Several people arrested for drug-related offences must face a new trial because a judge improperly stayed the charges against them, the Supreme Court of Canada has ruled.
The top court’s judgment, released Friday, also means the accused individuals will have a fresh opportunity to argue the charges should be set aside, in keeping with guidance set out by the court.
Eight years ago, more than two dozen people in various parts of Quebec were arrested and charged with offences related to the trafficking of narcotics, mainly cannabis.
The arrests took place in several locations and the accused were divided into four groups for separate hearings.
Individuals in the first group brought a motion for a stay of proceedings, alleging infringements concerning police searches and their rights to counsel.
In 2018, the Quebec Superior Court trial judge granted a stay, and the parties subsequently agreed the decision would apply to the accused people in the other three groups. As a result, the judge stayed the proceedings against those individuals as well.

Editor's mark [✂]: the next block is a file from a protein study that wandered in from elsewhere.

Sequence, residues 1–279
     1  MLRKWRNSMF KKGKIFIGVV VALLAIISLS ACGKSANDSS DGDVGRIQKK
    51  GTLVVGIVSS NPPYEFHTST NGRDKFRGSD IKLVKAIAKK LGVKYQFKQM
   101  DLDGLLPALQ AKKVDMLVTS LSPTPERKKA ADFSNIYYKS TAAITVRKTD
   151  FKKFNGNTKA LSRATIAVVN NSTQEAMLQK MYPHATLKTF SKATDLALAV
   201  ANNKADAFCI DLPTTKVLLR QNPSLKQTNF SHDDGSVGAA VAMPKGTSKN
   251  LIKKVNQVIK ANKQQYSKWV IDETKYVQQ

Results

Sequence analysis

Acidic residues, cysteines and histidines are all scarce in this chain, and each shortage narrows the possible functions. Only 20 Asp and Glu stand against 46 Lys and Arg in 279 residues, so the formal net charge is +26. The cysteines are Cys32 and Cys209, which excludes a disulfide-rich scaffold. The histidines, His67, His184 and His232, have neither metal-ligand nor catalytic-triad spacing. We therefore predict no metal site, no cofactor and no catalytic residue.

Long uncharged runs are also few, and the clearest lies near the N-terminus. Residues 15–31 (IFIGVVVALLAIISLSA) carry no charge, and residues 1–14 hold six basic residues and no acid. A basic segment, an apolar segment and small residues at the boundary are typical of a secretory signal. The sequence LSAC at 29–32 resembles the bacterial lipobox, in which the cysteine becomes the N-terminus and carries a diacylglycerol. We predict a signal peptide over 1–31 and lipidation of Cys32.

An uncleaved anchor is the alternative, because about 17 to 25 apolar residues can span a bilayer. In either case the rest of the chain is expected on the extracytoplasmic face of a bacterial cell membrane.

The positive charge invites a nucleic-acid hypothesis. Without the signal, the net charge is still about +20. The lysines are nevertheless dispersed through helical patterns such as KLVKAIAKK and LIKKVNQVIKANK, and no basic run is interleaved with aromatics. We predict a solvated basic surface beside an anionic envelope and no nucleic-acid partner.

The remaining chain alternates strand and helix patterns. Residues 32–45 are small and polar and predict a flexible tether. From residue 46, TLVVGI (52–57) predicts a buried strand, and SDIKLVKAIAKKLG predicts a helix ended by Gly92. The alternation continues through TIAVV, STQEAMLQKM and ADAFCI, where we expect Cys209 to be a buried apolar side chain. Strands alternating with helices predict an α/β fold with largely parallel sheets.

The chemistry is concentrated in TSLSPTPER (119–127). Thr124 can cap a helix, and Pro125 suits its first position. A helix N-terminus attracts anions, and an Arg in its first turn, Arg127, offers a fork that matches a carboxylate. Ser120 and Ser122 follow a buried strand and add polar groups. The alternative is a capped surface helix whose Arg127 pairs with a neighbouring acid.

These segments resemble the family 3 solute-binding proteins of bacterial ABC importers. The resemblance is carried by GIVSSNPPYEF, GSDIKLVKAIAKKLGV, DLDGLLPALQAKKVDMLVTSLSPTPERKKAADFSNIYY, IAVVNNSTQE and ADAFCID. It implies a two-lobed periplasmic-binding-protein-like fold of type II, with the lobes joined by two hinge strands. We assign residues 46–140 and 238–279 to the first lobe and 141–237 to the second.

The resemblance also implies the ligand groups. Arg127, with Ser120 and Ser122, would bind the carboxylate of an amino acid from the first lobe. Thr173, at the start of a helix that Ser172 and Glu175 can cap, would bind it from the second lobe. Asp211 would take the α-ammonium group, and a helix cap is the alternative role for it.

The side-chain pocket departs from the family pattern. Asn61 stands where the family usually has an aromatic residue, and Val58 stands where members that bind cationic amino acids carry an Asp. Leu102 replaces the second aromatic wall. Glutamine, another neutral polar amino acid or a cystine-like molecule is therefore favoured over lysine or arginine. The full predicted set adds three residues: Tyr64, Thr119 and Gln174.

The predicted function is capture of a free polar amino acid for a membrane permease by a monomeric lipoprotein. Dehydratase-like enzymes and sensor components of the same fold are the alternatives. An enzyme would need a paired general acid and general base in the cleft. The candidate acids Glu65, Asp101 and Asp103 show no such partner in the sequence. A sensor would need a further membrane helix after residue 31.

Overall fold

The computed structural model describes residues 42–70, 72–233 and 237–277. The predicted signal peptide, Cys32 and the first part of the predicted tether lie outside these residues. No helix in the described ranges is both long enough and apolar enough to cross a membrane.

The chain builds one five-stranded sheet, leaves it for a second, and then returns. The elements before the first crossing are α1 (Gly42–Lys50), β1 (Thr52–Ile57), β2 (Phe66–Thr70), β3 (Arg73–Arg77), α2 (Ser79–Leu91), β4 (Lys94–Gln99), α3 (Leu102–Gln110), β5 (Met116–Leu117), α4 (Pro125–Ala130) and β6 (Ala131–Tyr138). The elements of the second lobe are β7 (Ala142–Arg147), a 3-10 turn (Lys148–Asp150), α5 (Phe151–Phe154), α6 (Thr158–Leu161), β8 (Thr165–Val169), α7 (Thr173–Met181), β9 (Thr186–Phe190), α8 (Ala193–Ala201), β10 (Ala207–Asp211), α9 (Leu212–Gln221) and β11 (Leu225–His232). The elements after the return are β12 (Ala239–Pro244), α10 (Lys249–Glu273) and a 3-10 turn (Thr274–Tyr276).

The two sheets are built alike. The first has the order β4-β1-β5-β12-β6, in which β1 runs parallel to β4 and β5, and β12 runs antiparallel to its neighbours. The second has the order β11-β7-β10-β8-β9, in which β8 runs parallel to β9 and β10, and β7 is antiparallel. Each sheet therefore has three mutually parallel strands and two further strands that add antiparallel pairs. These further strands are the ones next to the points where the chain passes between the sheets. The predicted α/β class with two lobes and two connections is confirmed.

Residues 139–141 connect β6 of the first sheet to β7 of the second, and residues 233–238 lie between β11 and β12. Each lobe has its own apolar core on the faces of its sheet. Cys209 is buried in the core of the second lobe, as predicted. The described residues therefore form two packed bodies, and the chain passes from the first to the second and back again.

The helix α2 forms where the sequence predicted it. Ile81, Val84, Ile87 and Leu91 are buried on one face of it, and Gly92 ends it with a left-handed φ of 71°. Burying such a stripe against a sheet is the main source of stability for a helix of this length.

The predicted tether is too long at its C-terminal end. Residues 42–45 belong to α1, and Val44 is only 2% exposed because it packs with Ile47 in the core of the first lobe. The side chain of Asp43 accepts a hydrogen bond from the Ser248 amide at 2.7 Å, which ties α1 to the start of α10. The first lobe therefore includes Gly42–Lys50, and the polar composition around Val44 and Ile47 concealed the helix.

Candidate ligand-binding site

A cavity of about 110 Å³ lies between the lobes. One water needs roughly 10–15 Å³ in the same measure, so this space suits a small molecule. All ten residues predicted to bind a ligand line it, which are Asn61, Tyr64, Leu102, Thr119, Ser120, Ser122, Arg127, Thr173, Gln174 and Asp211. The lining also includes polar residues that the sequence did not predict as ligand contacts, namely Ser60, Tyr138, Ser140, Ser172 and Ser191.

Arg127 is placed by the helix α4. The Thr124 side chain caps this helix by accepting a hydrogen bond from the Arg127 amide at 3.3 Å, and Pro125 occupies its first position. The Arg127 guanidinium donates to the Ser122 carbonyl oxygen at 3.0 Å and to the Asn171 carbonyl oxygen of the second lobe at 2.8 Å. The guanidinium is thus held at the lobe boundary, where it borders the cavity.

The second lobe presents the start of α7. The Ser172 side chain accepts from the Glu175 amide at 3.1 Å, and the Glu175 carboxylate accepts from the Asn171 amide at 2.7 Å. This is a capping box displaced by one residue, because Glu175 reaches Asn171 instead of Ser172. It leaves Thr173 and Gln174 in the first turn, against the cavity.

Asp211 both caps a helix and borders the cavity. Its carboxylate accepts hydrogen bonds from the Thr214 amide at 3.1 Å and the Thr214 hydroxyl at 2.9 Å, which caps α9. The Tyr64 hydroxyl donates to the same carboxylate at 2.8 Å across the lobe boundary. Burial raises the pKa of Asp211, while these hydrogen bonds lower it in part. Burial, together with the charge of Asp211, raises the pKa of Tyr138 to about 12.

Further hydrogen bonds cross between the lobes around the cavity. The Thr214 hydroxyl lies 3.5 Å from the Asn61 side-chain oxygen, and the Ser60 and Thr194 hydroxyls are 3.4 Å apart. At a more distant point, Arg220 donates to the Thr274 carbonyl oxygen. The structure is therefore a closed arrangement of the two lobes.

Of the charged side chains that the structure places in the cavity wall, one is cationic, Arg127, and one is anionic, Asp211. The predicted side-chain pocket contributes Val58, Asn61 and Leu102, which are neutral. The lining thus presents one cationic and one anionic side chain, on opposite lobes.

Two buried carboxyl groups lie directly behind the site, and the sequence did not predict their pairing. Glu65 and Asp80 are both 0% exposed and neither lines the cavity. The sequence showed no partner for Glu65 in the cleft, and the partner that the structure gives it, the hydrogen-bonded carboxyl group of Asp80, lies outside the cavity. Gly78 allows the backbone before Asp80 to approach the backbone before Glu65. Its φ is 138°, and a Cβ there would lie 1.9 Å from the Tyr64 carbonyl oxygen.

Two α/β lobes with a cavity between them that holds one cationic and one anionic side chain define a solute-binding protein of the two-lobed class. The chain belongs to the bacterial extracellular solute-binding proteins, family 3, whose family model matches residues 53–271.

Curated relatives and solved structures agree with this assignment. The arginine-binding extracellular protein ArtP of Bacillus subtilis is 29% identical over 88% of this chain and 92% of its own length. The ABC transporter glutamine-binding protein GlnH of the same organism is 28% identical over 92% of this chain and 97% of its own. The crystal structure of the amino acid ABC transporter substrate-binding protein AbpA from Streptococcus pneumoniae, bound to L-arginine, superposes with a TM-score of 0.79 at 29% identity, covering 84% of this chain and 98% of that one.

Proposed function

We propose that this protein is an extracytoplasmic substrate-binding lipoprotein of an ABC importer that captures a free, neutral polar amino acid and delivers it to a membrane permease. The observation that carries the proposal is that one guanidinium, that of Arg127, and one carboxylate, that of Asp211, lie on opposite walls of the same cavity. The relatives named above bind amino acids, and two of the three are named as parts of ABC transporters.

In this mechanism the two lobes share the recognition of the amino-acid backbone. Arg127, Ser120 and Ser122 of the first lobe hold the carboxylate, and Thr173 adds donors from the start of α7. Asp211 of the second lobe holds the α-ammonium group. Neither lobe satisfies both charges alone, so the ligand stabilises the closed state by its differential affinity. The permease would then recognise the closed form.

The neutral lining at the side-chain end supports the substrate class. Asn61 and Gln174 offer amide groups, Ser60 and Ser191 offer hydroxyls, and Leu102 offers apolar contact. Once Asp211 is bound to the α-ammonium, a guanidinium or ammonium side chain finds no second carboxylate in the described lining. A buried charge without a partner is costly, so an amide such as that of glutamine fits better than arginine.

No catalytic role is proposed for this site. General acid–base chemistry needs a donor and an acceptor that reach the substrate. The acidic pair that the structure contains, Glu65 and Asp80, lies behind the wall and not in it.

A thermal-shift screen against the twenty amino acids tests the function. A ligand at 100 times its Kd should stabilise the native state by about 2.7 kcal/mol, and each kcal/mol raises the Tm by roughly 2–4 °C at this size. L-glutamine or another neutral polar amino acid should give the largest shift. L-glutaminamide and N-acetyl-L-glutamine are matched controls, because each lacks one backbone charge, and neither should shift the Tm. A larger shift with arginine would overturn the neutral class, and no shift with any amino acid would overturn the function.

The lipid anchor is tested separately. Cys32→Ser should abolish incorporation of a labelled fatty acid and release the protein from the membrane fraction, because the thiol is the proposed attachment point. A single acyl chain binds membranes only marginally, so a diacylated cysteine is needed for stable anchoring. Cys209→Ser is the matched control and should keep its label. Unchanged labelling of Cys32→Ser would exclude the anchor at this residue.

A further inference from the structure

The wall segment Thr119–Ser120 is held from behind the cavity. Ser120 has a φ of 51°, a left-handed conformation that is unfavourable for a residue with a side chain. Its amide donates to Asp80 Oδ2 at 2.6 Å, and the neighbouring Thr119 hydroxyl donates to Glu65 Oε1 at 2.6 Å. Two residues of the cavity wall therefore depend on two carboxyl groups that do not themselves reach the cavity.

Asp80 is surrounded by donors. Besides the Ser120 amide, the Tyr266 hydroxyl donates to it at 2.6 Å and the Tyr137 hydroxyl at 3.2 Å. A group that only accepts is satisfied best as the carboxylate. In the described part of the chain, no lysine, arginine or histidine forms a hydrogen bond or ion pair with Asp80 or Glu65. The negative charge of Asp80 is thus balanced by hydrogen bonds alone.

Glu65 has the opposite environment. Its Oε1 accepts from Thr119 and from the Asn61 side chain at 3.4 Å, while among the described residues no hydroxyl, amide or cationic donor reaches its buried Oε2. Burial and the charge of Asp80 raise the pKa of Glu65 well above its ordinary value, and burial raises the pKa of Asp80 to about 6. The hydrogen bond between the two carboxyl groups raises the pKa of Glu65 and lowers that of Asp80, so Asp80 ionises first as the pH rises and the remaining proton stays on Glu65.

The Quebec Court of Appeal set aside the decisions and ordered a new trial, including a fresh hearing on the motion for a stay. The accused individuals then took their case to the Supreme Court.
Writing for a majority of the court, Justice Michelle O’Bonsawin noted that two types of state conduct meet the threshold for establishing abuse of process.
One is conduct that compromises trial fairness. The other is a second category of conduct that, without necessarily threatening the fairness of the accused person’s trial, nevertheless undermines the integrity of the justice system.
O’Bonsawin concluded that all of the accused had standing to apply for a stay of proceedings, even though some of them were not the victims of alleged infringements resulting in a breach of trial fairness or abuse of process.
However, she wrote, the Superior Court trial judge had the task of determining whether each individual’s right to retain and instruct counsel without delay had been infringed and the judge had failed to do so.
She said that determination had to be made in order to ultimately decide whether the infringements as a whole met the threshold for abuse of process in the second category of conduct.
Finally, O’Bonsawin found the Superior Court also erred in entering a stay of proceedings for all of the accused individuals without first considering less drastic remedies that could have addressed the perceived prejudice to the integrity of the justice system.
These errors justify holding a new trial, including fresh hearings on the motions for a stay of proceedings, she wrote.
This report by The Canadian Press was first published Jan. 26, 2024.